The number of fraternities on campus had been expanded after the war with the formation of chapters of Pi Kappa Alpha, Delta Tau Delta, and Alpha Tau Omega in 1948 and 1949, while Sigma Tau Phi was reorganized as Alpha Epsilon Pi. However, the ban on sororities remained in effect for almost two decades more with the support of a majority of women students and graduates, until finally, in December of 1966, the board of trustees ruled otherwise, feeling that it was unfair to refuse to women a privilege that was allowed to men.11

By this time a majority of students were campus residents: sixty-two percent in 1964-65 lived on campus as compared with only forty percent in 1950. Construction of many new dormitories had allowed abandonment of all the temporary dorms like Topsy, Turvy, Boletus, and King’s Row, acquired in the aftermath of the two world wars. For a time a number of houses, once private homes, had been pressed into service as dormitories. The Knoll saw use as a women’s dorm after the Carlsons moved out, as did the Johnston house on the corner of South College and Amstel, which eventually became the French House before it was torn down. Other houses similarly used were on Delaware and Amstel Avenues, as well as the Curtis house on West Main Street, which, in its turn, became the Maison Francaise.

Among the new dormitories, Sharp (1952) and Sypherd (1958) extended Harter Hall and Brown Hall, respectively, to Delaware Avenue. Cannon Hall (1952) and Squire Hall (1958) elongated the line of women’s dorms formed by New Castle and Sussex. Kent dormitory was added to Kent Dining Hall in 1956 in the center of this line, and a larger dormitory, Smyth Hall, was built to its rear, facing Academy Street.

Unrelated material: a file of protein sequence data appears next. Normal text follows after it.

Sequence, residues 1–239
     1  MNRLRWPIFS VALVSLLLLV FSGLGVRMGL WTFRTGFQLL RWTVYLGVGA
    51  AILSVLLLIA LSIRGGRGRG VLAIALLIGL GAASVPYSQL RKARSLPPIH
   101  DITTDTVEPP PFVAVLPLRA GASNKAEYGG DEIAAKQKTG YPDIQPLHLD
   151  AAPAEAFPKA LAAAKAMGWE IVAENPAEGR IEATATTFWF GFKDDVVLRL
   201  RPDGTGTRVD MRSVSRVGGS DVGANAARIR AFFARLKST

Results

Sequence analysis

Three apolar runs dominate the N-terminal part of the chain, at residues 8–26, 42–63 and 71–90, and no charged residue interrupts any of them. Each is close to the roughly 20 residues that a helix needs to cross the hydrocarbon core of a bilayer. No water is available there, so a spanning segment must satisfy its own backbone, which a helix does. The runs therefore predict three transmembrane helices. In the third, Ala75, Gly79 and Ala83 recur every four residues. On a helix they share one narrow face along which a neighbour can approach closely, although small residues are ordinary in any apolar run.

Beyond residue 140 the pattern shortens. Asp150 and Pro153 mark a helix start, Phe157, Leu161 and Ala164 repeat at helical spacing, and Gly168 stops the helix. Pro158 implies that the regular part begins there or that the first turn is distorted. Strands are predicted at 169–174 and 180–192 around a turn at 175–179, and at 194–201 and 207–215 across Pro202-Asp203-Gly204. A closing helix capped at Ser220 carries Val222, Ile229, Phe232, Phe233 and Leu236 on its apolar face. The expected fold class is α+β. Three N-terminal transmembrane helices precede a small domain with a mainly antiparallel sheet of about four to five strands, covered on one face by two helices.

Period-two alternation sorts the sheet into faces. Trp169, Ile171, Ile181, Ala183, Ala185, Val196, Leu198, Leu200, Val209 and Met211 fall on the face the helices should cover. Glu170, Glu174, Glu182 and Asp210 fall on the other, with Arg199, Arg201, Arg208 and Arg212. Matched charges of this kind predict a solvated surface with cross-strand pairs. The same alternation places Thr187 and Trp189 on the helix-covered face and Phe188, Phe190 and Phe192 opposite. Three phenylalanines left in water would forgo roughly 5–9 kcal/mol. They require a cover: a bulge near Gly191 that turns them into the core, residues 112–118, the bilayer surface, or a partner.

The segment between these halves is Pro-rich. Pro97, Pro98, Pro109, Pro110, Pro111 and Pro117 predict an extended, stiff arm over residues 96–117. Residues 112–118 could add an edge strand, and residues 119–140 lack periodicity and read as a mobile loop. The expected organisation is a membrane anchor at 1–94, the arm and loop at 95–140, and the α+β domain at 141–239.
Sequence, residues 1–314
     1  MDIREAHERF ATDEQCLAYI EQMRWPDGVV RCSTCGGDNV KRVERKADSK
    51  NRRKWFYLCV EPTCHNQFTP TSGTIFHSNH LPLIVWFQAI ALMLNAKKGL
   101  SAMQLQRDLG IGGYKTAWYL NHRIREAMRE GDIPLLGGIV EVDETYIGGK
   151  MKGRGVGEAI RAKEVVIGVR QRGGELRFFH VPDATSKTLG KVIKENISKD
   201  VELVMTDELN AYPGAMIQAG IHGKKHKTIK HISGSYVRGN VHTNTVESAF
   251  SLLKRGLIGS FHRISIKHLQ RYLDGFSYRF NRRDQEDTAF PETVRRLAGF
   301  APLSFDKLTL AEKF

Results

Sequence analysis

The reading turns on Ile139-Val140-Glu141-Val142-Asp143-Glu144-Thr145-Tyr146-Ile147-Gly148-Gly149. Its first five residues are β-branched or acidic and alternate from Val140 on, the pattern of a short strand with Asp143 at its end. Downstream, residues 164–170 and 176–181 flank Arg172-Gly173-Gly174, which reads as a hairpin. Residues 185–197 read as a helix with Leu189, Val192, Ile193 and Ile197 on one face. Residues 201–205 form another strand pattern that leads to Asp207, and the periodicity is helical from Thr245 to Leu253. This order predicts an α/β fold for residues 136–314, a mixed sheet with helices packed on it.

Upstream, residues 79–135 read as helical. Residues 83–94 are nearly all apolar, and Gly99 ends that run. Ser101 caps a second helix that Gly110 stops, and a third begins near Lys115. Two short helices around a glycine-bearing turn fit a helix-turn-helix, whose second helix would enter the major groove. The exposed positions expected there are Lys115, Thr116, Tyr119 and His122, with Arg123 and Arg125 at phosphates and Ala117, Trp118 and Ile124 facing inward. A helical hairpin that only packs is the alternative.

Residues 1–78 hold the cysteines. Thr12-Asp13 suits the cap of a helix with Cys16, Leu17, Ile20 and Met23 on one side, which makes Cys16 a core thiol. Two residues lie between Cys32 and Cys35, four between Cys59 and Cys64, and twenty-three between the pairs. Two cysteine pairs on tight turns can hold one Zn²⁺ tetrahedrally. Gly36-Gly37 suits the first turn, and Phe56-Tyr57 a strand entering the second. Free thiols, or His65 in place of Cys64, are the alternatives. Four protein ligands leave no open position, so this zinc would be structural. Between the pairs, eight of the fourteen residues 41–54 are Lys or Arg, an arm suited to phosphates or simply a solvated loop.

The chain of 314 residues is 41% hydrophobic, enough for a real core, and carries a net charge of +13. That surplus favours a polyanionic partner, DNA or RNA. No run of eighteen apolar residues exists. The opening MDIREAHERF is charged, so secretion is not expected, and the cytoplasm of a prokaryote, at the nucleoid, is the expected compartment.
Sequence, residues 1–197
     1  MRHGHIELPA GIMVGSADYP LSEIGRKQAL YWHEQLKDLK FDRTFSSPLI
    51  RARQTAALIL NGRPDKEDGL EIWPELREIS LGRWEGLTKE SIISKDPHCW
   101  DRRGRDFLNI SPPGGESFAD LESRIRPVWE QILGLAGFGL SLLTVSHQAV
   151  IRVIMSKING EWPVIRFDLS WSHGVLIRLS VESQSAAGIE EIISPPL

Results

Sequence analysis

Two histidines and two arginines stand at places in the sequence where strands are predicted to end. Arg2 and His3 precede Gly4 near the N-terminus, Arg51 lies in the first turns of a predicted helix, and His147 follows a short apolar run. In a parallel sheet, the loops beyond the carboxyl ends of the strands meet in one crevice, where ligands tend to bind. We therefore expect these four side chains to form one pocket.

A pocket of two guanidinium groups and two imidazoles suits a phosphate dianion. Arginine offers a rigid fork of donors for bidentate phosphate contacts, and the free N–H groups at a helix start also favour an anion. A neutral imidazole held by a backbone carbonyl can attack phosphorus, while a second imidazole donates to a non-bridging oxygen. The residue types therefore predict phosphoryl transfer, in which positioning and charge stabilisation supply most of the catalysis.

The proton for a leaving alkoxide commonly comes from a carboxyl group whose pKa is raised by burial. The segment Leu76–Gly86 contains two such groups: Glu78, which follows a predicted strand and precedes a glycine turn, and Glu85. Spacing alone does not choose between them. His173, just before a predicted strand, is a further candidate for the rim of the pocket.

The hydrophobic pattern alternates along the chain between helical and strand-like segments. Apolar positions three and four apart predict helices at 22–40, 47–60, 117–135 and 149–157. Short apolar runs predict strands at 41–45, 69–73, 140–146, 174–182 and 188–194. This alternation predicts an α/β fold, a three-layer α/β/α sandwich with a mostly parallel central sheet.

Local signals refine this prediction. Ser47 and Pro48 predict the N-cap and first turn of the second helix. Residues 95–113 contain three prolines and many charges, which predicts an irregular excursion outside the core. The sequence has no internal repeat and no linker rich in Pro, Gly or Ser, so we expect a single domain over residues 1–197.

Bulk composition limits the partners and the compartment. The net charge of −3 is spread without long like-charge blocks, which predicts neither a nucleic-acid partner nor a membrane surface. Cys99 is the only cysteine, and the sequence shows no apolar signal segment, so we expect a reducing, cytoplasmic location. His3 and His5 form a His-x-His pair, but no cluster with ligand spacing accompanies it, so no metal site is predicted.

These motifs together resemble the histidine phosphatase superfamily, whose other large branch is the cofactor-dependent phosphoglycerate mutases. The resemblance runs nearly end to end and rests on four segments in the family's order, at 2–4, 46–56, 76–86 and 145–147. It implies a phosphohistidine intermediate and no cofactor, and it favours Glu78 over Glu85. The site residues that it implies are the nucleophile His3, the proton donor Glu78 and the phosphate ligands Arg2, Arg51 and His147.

Across Academy Street Lane Hall (originally called Colburn) and Thompson Hall were built in 1958, and the first of three large dormitory complexes, Harrington Hall, was built near Lane and Thompson in 1961. Harrington included five dormitory buildings plus lounges and a dining hall: with so much new construction it was deemed less confusing to call these buildings Harrington A, Harrington B, and so forth. An open plot in front of Harrington was christened Harrington Beach by the students and became the scene of many student events, from concerts to demonstrations, in the rebellious years ahead. Two more complexes, Russell and Gilbert, arose beside Harrington Beach in 1963 and 1965. When Russell was opened it was said to feature a coed atmosphere; what this meant was that men and women shared not only the dining hall but also the lounges, though there was no mingling in the latter after 11:00 P.M. The first coed dorm in the sense that women and men were housed in the same building was established (in Harrington) in 1971.

Meanwhile a dormitory for married students called Conover Hall had been erected on Amstel Avenue, near Elkton Road. Moving still farther west, the university, in 1966, opened the first of two large dormitory complexes (named for Caesar Rodney and John Dickinson) in a new location, on the west side of the Baltimore and Ohio railroad tracks, not without arousing some fears in the neighborhood regarding property values.